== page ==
Trial to Alleviate Malnutrition With Fortified Spread Given as a Food Supplement to Underweight Infants
This study tests the hypothesis that underweight 6-17-month old infants receiving fortified spread as a food supplement for 12 weeks grow better during the supplementation than infants who are provided with maize-soy flour supplement.
Procedure: Food supplement: fortified spread
Procedure: Food supplement: maize and soy flour
|Study Design:||Allocation: Randomized
Endpoint Classification: Safety/Efficacy Study
Intervention Model: Parallel Assignment
Masking: Single Blind
Primary Purpose: Treatment
|Official Title:||Lungwena Child Nutrition Intervention Study-4, LCNI-4. A Single-Centre Intervention Trial in Rural Malawi, Testing the Potency of RUTF Supplementation to Alleviate Moderate Malnutrition Among 6-17 Month Old Infants|
- Weight gain during the 12-week follow-up (in grams)
- Length gain during the study period (mm)
- Tibial length gain during the study period (mm)
- Change in blood haemoglobin concentration during the study period (g/l)
- Change in serum ferritin concentration during the study period (µg/l)
- Mean change in anthropometric indices (weight-for-age z-score [WAZ], weight-for-height z-score [WHZ] and height-for-age z-score [HAZ])
|Study Start Date:||February 2005|
|Study Completion Date:||September 2005|
Childhood undernutrition is very common in rural Malawi, like in many other countries in Sub-Saharan Africa. Usually, undernutrition develops between 6 and 24 months of age. By two years of age, 30-50% of all children in rural Malawi are undernourished, predisposing them to subsequent morbidity, developmental delay and mortality. Urgent interventions are needed but the magnitude of the problem precludes a hospital-based management strategy. Therefore, emphasis must be on prevention and early home-based rehabilitation of children with mild-to-moderate malnutrition. However, the options for community based approaches are not as developed as those for institutional management of undernutrition.
The present study tests a recently developed nutrient –dense spread, ready-to use- therapeutic food (RUTF), which offers a potential solution to home based nutrition rehabilitation. The concept has previously been shown to work not only in therapeutic feeding of undernourished children in nutrition rehabilitation units in Malawi but also home based supplementation of undernourished children aged 42 to 60 months in Mangochi District, southern Malawi. In the present study the investigators will test the efficacy in growth promotion of this product when provided as a supplementary food to moderately underweight infants (defined as WAZ <-2) between 6 and 18 months of age.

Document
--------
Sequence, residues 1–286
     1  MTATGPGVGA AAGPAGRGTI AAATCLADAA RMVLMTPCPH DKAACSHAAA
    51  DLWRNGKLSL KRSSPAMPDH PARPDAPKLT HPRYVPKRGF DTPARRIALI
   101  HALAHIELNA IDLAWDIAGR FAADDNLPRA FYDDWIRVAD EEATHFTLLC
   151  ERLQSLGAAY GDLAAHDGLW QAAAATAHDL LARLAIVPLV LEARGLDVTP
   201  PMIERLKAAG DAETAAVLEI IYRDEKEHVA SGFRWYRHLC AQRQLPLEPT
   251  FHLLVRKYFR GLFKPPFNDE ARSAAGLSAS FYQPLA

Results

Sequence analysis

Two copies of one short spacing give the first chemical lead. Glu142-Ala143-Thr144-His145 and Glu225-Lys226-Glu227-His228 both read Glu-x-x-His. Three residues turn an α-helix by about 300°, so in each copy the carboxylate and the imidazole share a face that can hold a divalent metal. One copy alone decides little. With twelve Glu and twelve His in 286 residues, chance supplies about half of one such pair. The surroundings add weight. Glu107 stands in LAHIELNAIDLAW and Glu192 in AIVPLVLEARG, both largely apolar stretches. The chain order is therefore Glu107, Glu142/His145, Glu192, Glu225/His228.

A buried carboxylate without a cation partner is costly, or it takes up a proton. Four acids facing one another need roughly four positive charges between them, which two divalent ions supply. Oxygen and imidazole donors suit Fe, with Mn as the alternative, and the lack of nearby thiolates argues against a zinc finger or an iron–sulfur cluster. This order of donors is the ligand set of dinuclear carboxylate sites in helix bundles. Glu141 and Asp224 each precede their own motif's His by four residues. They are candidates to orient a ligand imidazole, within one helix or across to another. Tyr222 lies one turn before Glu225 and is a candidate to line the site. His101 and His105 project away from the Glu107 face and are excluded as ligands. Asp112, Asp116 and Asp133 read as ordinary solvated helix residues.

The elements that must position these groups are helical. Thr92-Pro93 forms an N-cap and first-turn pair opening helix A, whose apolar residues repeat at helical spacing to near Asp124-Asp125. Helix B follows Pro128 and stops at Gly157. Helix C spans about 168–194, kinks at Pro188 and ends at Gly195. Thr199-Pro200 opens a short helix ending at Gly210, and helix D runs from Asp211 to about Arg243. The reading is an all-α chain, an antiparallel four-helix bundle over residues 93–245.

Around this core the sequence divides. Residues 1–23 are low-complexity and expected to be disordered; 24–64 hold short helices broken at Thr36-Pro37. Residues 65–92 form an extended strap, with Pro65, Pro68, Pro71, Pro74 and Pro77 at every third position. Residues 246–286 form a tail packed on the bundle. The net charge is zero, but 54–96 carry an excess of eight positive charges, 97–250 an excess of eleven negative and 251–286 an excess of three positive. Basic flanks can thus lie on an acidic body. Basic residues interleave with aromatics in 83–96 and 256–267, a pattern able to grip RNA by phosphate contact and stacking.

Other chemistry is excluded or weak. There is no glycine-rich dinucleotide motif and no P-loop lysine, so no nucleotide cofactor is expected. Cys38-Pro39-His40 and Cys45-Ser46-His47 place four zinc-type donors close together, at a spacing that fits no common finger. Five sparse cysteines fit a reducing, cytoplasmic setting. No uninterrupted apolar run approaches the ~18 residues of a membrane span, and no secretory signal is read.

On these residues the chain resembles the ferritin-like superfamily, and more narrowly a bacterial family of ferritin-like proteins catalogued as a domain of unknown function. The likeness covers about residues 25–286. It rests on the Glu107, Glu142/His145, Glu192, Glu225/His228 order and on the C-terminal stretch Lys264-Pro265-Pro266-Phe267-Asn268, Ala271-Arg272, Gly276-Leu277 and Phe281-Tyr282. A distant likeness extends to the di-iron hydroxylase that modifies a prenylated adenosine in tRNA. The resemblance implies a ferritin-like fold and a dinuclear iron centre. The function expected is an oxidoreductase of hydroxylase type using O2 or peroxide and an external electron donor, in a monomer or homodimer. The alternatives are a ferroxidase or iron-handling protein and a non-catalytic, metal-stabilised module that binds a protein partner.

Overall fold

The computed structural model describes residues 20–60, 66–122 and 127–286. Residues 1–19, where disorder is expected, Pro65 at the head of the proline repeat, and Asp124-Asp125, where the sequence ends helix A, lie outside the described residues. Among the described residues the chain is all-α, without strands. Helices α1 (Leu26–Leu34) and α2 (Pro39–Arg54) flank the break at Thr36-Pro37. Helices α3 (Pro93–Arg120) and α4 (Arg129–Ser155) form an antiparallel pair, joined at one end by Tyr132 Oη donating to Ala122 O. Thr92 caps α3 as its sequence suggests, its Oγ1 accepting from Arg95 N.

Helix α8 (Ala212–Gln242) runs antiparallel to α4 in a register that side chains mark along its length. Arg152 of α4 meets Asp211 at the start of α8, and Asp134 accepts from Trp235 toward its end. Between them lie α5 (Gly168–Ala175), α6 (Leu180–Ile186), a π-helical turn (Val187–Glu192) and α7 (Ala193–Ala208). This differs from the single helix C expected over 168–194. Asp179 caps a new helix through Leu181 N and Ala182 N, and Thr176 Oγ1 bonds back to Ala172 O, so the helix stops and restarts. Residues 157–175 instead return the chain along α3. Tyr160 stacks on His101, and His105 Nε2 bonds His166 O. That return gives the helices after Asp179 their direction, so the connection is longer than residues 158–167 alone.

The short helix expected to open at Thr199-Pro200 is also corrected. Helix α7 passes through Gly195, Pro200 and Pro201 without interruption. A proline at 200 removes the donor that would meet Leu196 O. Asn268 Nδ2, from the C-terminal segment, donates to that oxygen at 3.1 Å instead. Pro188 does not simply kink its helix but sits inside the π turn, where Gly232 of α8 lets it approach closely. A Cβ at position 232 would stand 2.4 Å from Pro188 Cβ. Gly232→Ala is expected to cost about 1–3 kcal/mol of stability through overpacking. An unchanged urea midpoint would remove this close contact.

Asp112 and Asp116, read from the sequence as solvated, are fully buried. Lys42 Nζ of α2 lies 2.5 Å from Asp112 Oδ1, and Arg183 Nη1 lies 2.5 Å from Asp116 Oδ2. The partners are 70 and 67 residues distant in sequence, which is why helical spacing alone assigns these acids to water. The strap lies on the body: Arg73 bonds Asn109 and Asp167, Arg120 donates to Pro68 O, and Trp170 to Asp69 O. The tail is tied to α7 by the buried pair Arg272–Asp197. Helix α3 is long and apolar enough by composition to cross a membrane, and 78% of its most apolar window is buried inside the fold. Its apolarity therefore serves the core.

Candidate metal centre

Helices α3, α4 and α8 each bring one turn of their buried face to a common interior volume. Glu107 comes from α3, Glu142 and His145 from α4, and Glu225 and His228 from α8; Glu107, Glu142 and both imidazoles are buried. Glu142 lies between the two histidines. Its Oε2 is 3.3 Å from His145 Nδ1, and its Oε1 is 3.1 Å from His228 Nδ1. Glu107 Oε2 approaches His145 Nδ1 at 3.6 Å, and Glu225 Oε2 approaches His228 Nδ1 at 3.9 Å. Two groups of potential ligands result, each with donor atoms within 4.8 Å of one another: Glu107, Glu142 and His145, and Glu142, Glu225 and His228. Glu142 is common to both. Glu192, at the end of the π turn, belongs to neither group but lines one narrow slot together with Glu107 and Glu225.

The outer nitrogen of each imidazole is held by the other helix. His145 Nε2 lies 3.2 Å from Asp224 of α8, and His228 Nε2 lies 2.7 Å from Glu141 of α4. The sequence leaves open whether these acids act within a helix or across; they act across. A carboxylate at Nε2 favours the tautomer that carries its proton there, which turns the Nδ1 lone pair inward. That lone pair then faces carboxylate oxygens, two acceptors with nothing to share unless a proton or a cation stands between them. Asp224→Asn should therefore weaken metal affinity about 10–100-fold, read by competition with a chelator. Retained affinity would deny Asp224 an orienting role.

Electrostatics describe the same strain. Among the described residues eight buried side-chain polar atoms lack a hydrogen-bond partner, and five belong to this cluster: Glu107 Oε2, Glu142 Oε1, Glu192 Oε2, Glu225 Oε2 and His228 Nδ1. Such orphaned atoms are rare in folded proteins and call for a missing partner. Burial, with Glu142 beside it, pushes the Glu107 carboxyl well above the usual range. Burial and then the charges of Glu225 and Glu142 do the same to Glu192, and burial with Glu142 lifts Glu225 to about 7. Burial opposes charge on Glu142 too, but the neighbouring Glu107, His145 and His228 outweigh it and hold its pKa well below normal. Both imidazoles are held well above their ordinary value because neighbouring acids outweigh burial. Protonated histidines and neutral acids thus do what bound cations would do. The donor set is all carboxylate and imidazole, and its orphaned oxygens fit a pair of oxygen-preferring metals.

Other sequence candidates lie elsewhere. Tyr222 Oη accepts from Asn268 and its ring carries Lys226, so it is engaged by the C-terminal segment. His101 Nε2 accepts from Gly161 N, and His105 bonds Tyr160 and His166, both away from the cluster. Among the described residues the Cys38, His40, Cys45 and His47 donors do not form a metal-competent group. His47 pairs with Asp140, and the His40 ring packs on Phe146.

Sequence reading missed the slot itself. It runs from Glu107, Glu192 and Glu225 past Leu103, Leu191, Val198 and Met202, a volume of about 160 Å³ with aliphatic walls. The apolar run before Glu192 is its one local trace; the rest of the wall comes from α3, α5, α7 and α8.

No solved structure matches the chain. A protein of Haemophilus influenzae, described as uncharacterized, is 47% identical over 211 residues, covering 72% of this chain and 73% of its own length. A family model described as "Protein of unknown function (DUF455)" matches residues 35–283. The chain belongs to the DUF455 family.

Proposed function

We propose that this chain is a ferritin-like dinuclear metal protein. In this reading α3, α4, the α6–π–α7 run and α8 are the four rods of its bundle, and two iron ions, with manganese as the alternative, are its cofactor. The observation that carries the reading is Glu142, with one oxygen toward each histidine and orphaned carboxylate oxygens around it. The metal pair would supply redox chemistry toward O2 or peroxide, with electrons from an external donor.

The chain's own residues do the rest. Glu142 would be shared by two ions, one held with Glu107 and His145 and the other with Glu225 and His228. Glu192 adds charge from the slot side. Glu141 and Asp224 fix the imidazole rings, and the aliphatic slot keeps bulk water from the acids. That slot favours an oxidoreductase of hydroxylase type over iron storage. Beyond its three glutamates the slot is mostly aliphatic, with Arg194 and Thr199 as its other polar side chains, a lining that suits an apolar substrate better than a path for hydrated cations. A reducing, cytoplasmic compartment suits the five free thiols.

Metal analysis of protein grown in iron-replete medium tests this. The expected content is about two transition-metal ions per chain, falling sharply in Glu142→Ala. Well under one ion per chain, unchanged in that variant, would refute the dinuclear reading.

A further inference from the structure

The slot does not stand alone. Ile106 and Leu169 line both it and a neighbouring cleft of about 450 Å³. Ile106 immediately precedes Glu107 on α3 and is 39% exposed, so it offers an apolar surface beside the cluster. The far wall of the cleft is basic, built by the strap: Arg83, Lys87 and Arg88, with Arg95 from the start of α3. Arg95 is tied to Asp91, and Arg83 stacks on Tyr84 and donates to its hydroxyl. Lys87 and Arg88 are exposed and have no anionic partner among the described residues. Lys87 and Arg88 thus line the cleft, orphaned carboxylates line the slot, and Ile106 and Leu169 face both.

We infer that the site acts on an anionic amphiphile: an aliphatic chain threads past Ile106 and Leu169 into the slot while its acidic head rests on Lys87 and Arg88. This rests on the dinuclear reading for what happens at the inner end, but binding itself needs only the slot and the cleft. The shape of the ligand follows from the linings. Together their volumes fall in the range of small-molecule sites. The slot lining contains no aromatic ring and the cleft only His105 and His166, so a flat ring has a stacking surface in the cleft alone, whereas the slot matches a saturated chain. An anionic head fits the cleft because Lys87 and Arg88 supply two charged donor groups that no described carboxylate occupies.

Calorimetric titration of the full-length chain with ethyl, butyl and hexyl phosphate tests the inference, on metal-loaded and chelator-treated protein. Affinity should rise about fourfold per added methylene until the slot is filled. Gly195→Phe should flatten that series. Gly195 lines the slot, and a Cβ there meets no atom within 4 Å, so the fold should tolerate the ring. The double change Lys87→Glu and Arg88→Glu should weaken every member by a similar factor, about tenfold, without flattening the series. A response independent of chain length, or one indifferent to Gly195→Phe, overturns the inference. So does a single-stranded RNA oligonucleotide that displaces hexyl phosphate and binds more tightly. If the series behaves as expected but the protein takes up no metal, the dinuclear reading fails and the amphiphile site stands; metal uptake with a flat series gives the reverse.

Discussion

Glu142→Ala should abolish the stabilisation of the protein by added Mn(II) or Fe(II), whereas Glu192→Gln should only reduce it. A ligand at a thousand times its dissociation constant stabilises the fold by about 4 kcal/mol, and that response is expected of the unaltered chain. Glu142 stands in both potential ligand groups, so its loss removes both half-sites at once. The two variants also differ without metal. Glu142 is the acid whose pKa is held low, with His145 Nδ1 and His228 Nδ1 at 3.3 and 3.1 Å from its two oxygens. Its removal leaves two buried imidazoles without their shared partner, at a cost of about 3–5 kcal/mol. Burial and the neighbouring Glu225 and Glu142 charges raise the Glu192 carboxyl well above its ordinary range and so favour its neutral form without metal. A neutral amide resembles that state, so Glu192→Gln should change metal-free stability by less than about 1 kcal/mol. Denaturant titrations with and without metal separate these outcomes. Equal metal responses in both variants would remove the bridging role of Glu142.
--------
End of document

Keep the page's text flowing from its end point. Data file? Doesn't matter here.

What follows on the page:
The study will be conducted in Lungwena area, Mangochi District, rural Malawi. A total of 176 6-14 -month old infants will be enrolled and randomised to two groups receiving different daily food supplements for 12 weeks. Children in group one (control group) will receive 72g of fortified maize/soy flour and children in group 2 will receive 50g RUTF daily. The food supplements will be delivered to the participant’s home at 3-weekly intervals.
All children will undergo medical and anthropometric examinations at 6-weekly intervals and disease symptoms monitoring every week. Dietary intake assessments will be conducted at 3 and 9 weeks after the onset of supplementation. A blood sample will be collected at the beginning and end of the study to measure blood haemoglobin and serum ferritin concentrations. At enrolment, children's HIV status will be screened with antibody-ELISA and confirmed with HIV PCR.
The impact of the dietary interventions will be primarily assessed by comparing weight gain in the two intervention groups. Secondary outcomes include length gain, increase in tibial length and changes in blood haemoglobin and serum ferritin concentration. The study will also produce descriptive data on morbidity and intake of foods during the intervention.
|College of Medicine, University of Malawi|
|Mangochi, Mangochi District, Malawi|
|Study Director:||Per Ashorn, MD, PhD||University of Tampere, Medical School|
|Principal Investigator:||Kenneth M Maleta, MBBS, PhD||University of Malawi College of Medicine|